Author/s:

Jordan, J.

Publisher:

Taylor and Francis Online.

Year of Publication:

2018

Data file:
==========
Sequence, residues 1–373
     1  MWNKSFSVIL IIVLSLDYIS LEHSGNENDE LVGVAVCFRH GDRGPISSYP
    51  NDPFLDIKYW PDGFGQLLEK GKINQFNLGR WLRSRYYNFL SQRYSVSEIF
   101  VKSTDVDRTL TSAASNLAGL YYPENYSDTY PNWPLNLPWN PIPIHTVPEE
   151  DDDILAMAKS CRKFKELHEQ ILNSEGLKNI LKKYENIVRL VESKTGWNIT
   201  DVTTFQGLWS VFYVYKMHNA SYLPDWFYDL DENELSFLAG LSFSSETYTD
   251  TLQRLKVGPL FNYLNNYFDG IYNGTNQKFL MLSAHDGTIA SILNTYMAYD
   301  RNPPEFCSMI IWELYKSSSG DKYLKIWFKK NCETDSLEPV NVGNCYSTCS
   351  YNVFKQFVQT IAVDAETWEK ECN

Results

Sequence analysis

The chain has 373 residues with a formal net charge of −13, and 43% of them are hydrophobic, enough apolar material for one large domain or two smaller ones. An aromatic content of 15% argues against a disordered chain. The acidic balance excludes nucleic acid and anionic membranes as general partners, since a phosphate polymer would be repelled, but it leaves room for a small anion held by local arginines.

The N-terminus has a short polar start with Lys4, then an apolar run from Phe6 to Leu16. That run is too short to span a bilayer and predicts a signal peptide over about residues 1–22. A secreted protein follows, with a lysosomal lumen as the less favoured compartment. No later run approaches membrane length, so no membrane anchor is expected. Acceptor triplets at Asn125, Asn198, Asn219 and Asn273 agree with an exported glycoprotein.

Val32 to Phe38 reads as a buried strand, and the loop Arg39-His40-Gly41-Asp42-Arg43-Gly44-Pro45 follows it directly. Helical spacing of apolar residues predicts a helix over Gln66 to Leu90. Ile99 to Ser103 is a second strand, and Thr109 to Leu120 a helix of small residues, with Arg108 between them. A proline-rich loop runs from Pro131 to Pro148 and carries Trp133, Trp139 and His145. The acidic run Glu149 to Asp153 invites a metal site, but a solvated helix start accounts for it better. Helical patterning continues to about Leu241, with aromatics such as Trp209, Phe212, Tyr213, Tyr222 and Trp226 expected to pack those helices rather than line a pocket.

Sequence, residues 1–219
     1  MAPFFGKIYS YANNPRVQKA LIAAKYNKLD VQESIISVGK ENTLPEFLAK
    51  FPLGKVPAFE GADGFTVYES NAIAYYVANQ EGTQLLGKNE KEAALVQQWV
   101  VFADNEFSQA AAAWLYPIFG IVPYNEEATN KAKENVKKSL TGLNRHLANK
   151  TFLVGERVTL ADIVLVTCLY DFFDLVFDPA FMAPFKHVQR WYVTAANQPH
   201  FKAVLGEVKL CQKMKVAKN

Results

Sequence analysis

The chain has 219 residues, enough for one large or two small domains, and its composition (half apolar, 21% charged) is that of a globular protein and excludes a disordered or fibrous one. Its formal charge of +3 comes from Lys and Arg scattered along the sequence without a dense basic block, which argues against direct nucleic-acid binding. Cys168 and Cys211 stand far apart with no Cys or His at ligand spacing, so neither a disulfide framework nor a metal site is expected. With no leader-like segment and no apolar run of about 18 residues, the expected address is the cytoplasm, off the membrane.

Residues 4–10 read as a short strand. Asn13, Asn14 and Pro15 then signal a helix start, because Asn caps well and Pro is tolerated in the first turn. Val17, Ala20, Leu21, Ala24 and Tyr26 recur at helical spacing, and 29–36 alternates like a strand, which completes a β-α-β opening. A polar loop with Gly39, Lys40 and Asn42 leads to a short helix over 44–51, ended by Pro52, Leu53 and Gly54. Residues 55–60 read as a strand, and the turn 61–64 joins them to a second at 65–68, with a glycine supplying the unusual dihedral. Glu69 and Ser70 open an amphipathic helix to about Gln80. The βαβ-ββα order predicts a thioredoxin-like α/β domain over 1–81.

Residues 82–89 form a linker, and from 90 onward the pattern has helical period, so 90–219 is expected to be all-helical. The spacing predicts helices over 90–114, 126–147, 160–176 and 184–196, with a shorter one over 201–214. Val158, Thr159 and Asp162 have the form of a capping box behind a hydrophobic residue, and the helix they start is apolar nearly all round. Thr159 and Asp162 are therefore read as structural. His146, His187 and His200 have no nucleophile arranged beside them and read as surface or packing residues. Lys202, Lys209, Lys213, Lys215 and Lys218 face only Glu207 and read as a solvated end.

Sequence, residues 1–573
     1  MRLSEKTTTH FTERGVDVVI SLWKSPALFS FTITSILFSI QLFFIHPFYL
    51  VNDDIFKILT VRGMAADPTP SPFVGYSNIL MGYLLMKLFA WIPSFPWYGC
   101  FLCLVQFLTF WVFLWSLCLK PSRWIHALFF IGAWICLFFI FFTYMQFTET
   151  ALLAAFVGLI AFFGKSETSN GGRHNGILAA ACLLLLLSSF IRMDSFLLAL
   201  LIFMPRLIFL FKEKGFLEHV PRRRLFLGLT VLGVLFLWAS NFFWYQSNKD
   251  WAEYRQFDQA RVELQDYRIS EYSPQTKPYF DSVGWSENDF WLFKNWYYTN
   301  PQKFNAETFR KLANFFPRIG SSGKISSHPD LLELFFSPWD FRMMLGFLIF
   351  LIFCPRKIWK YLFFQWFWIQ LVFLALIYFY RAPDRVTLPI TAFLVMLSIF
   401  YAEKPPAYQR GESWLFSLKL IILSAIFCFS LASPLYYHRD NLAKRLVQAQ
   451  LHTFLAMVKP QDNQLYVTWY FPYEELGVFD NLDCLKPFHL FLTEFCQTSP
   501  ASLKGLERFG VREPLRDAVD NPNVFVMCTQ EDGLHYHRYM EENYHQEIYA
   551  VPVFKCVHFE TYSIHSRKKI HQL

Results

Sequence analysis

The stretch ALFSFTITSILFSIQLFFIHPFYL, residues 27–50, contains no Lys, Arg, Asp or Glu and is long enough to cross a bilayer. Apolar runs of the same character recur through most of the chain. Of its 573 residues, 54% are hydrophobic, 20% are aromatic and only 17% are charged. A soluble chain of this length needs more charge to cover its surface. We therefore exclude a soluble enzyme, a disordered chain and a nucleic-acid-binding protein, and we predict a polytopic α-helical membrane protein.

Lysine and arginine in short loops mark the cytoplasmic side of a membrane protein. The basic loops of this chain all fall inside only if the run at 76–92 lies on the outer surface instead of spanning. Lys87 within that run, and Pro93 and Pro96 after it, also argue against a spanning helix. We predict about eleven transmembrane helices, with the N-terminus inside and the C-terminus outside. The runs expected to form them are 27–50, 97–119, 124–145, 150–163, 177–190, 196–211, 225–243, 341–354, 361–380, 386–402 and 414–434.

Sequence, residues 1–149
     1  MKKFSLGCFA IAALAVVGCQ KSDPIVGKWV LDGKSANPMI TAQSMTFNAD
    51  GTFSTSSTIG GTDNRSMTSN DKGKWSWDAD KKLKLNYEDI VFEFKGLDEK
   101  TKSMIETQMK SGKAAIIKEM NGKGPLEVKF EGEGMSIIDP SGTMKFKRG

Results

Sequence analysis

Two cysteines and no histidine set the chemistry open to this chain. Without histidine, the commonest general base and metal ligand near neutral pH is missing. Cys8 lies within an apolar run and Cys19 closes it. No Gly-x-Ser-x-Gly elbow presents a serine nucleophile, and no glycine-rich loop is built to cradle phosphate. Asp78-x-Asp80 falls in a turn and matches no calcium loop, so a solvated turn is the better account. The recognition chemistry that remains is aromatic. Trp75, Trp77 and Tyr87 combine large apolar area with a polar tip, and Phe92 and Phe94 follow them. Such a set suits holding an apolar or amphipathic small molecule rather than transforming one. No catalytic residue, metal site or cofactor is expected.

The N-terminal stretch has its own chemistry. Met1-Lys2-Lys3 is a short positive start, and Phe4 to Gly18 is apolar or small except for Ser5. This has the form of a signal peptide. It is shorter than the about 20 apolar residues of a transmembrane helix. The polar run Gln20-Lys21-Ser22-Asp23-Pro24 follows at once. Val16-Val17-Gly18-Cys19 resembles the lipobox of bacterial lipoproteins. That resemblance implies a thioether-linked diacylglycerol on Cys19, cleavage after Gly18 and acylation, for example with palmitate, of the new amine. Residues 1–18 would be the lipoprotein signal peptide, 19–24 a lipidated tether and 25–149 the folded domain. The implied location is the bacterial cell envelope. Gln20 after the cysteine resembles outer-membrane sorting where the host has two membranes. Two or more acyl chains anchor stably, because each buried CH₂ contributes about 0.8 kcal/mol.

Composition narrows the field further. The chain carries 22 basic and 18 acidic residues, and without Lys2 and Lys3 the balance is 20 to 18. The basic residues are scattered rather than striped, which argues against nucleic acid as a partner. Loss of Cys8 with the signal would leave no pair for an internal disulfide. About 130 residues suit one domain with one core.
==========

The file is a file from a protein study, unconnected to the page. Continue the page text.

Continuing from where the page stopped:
Resilience is increasingly becoming the new buzz word. This paper examines the utility of the concept of resilience for understanding the gendered experiences of women to climate stress, through case study research in South-west Bangladesh. It provides evidence that resilience, as commonly understood, is inadequate for understanding the intersecting vulnerabilities that women face because of embedded socio-cultural norms and practices. These vulnerabilities culminate in a gendered experience of climate stress, where some groups of women are more likely go without education, food and access to good quality water. Such circuits of control highlight the importance of a more radical, transformational, gendered and power sensitive frame for moving beyond coping mechanisms to strategies that deal with the fundamental root causes of vulnerability to climate stress. A failure to do so risks further reinforcing gender inequalities due to the reality of social difference and inequities within local power structures.

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